Check out Part 2 of this Quiz to help you study for common questions asked on the citizenship test.

Despite Law, Some Canadian Immigrants Charged Employment Fees

work in canada

Despite a law banning the practice, a loophole is allowing Alberta-based employment agencies to charge some Canadian immigrants thousands of dollars in employment fees.

Alberta’s Fair Trading Act prohibits employment agencies from collecting fees “directly or indirectly” from immigrant workers; however, in what some critics see as being a significant loophole in the law, agencies are allowed to charge fees for services not considered to be “employment agency business services.” That broad-based category can often include employment-related services such as resume writing, job-skills training and immigration consulting.

According to the Canadian Broadcasting Corporation (CBC), at least a dozen businesses in Alberta are utilizing that loophole in the immigration law, and operating as both employment agencies—who are not allowed to charge immigrants fees—as well as providing immigration consulting services, for which fees are permitted.

Complicating matters even more, the rules governing these practices varies wildly throughout Canada’s western provinces—British Columbia (BC), Alberta, Saskatchewan and Manitoba.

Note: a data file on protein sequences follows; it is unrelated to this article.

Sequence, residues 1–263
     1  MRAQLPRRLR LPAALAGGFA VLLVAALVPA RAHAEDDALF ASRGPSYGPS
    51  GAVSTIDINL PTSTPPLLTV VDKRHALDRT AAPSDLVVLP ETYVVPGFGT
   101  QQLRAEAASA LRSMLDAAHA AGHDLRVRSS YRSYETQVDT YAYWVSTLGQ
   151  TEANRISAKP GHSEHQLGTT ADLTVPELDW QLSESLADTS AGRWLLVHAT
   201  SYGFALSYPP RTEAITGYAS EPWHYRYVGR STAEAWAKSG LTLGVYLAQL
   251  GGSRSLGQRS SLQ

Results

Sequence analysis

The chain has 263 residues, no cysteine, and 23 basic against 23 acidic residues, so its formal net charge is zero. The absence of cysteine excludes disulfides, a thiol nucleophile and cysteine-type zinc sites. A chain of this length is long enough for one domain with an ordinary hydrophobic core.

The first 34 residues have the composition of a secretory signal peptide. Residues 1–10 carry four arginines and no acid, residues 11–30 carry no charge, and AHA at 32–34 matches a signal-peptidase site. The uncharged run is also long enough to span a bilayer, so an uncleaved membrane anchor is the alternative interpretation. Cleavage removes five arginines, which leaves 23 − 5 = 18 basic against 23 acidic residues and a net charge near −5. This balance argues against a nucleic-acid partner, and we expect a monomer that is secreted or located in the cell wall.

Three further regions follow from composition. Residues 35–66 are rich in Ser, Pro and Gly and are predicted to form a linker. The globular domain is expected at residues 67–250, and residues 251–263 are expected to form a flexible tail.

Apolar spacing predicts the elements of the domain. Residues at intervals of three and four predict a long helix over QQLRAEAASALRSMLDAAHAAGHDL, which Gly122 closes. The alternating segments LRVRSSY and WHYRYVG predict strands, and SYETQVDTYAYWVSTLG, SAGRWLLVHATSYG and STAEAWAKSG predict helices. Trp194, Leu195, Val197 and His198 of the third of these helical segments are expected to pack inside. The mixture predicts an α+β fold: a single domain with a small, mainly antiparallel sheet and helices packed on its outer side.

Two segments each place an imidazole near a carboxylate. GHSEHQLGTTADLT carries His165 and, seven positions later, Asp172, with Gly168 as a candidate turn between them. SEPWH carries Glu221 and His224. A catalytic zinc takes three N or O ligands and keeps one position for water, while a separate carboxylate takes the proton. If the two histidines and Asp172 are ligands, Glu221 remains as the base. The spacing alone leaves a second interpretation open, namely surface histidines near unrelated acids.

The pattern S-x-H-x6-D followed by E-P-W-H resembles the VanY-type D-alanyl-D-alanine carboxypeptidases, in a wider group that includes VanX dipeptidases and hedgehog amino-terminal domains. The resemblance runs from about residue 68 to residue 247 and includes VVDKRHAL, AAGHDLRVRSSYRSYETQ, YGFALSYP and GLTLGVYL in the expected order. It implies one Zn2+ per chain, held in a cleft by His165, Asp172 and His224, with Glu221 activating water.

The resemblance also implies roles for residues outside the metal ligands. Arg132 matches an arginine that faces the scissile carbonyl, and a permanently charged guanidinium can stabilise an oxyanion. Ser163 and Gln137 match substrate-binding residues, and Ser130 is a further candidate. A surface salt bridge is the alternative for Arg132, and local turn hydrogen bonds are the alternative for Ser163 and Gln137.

While the laws applying to employment agencies are similar in both Alberta and BC, Manitoba has far stricter rules that totally ban recruiters from charging any fees. Saskatchewan’s laws are even more complex, as agencies can charge for immigration consulting with the workers’ consent, but employers must pay for any resume preparation or training that is provided.

A spokesman for the organization representing Canadian employment agencies said the members of his group have a code of ethics that prohibit charging for recruiting services. Randy Upright, national director of the Association of Canadian Search, Employment & Staffing Services (ACSESS) said it is the practice of members of his organization to not offer both recruiting and resume-writing/employment consulting services.

However, Gil McGowan, the president of the Alberta Federation of Labor, is calling for changes to the Fair Trading Act, saying the law “has loopholes so big you could drive a truck through it.” McGowan is calling on the provincial government to re-write the law in order to close those loopholes, and make it more difficult for employment agencies to justify charging any fees to foreign workers seeking employment.

For its part, Alberta’s provincial government is resisting any pressure to change the law. Alberta’s Minister of Service Stephen Khan said he doesn’t agree that there are any loopholes in the existing law, and that his ministry investigates any claims by workers who believe they have been victimized by employment agencies.

Instead of changing the law, Khan said his government believes a better way to address any possible victimization of foreign workers is through greater education and public awareness.

To that end, Khan told the CBC that his ministry is doing its best to “create messaging” as well as “public awareness” in order to ensure that people—including foreign workers—“know what their rights are when it comes to these (employment) issues.”